The termination of high performance plasmas in tokamak devices with high Z metal plasma facing components presents challenges related to the influx of heavy impurities which, if not kept under control, cause an increase of the radiative losses, radiative cooling and high probability of disruption.
A number of key players in these dynamics have been identified by intensive research performed after the first years of operation in tungsten machines as AUG and JET in preparation of ITER operation. Inward neoclassical convection related to the peaking of the density profile, poloidal asymmetries, plasma rotation and centrifugal effects, temperature screening, pedestal temperature, pedestal density and ELMs control are among them [1-3].
The objective of D-T fuelled plasmas with high neutron yield in stationary conditions, foreseen in the near future at JET, focuses the operations towards high performance in terms of thermal energy content and plasma current and consequently with higher disruption risk. The reduction of such risks is being pursued for the specific features of the two plasma scenarios being developed, baseline (β¬N ~1.8, q95 ¬~ 3) and hybrid (β¬N ~2–3, q95~4) . The high plasma current (Ip≥2.5MA) experiments based on the baseline scenario performed in the high power campaign C36b (2016) had 65% overall disruptivity (Ip,disr≥1.0MA) with 49% pulses ending with a disruption at Ip,disr≥2.0MA. The high plasma current (Ip≥2.MA) experiments based on hybrid scenario of the same campaign had 39% overall disruptivity with 21% of the pulses ending with a disruption at Ip,disr≥2.0MA. The inspection of the corresponding databases for the recent C38 campaign (2019) reveals a significant reduction of the disruption rate. The overall disruptivity for baseline has been 34% with 27% at Ip,disr≥2.0MA. For hybrid the overall disruptivity has been ~9% (16% considering only the Ip≥2.MA database) with 5% at Ip,disr≥2.0MA. Such numbers are better understood by taking into account the necessary explorative nature of scenario development, and, in particular, the progressive adaptation towards the target parameters of higher plasma current, 3.5-4 MA for baseline and 2.2-2.8 MA at flat top for hybrid. The key elements developed to obtain a smooth termination of the high performances discharges in JET and their effectiveness in reducing the disruptivity are discussed in this contribution.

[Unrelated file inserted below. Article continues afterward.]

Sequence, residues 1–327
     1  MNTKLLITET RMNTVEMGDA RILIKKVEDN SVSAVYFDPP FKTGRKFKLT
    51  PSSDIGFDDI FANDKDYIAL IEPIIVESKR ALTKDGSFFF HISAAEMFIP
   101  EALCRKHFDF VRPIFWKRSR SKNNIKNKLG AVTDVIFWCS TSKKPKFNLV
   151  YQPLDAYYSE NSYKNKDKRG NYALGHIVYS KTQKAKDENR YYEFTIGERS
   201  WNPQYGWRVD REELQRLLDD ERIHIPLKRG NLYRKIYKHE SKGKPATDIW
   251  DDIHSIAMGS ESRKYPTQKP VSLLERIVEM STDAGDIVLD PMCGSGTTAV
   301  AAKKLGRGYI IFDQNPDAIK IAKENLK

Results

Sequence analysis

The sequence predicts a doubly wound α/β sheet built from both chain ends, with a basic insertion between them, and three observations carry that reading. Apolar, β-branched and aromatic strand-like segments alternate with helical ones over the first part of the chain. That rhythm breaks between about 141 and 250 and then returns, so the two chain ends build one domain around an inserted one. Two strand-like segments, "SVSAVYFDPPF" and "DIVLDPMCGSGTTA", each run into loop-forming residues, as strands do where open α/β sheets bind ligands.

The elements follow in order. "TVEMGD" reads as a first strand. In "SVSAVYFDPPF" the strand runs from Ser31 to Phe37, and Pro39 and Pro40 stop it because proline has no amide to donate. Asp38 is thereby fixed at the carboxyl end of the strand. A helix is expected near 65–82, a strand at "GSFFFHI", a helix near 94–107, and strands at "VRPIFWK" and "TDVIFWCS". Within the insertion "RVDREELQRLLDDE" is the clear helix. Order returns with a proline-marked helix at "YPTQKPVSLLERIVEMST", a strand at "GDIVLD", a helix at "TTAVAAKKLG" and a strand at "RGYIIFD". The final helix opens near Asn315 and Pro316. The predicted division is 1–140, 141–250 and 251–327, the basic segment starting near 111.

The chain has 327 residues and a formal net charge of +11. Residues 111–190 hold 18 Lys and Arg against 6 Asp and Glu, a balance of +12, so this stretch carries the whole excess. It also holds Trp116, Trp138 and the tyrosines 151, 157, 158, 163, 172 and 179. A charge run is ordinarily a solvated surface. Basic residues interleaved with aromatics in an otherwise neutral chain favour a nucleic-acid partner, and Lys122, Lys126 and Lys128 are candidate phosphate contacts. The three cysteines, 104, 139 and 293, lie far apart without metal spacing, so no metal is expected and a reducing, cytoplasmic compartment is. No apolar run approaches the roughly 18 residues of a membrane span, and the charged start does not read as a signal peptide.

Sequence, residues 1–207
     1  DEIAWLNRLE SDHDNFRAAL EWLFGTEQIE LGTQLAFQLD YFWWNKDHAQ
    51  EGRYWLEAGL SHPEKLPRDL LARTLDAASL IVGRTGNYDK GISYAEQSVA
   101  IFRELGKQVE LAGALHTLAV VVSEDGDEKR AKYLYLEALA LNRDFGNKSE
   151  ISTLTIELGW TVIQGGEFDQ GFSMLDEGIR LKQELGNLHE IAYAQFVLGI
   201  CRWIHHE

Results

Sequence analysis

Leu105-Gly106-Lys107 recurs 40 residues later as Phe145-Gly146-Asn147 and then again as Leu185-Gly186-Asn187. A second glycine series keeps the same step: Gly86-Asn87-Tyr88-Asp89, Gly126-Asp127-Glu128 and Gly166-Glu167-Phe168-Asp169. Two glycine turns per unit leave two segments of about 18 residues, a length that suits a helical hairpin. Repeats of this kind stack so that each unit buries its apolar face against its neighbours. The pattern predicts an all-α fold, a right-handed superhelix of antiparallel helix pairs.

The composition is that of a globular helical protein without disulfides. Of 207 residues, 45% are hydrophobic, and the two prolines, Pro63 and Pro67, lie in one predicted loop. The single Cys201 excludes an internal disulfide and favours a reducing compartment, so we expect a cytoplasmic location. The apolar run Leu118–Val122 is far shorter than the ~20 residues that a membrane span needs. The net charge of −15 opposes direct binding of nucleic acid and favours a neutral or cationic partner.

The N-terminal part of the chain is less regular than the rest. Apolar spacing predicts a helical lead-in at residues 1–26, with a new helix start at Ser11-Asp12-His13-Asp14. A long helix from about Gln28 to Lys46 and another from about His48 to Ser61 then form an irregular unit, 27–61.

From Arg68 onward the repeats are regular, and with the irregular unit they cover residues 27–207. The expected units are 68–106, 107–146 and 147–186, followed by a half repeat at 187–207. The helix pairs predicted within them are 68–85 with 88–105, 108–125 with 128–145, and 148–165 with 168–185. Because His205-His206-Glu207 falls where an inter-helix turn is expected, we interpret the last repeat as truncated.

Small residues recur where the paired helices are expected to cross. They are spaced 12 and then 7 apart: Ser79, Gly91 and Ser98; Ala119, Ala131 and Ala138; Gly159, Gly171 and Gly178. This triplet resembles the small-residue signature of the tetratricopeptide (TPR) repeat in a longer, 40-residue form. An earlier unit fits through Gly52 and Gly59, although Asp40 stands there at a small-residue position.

The analysis of the previous experimental campaign and the data so far collected in the present campaign indicate that the combination of edge and core W control is needed to obtain a safe plasma termination, with the optimized use of the available actuators: gas and pellet for ELMs control, ramp-down waveform of the NBI heating power while maintaining a relevant ICRH additional power, sweeping of the separatrix hitting point on the divertor to reduce the heat load and to decrease the W source. These elements, common for baseline and hybrids although with a different tuning , have been tested in the C38 campaign and some of them are represented in the pair of discharges in Fig.(1) where an impurity influx has been deliberately generated by drastically reducing the gas fuelling during the main heating phase.
With respect to the typical termination scheme previously adopted the gas fuelling has been increased to burst the ELM frequency in order to favor impurities removal at the plasma edge and to reduce the divertor temperature. The slow NBI power ramp-down delays the H-L transition. This needs to be tuned to shorten the free-ELMs phase at the ramp-down starting. At high current and high density the ICRH central heating may be inefficient to counteract the core impurity effect being dominantly ion heating. However, a significant core electron heating is obtained by increasing the H minority fraction during the ramp-down as shown in the figure, where the central electron temperature is recovered and the disruption avoided.
A further adaptation of the termination scheme may be required for the application to the higher plasma current D-T scenarios in development. Moreover, since the termination time cannot be foreseen in case of off-normal events, real-time tools are being implemented in a dedicate event detector to identify the nature of the off normal condition, e.g. core impurity accumulation or edge temperature collapse, and to start the termination phase with a real-time controlled response. The new detectors include real-time tomography which can estimate the amount of radiated power from different region of interest  and a Generative Topographic Mapping algorithm  aiming to compute the probability of disruptive evolution for core and edge radiative collapse respectively. A termination algorithm aiming to optimize the input power waveform during the ramp-down in order to keep a safety margin to overcome the radiative losses both in H and L mode is also being planned.
This work has been carried out within the framework of the EUROfusion Consortium and has received funding from the Euratom research and training programme 2014–2018 and 2019–2020 under grant agreement No 633053. The views and opinions expressed herein do not necessarily reflect those of the European Commission.
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|Country or International Organization||Italy|
|Affiliation||ISTP-Consiglio Nazionale delle Ricerche, Milano, Italia|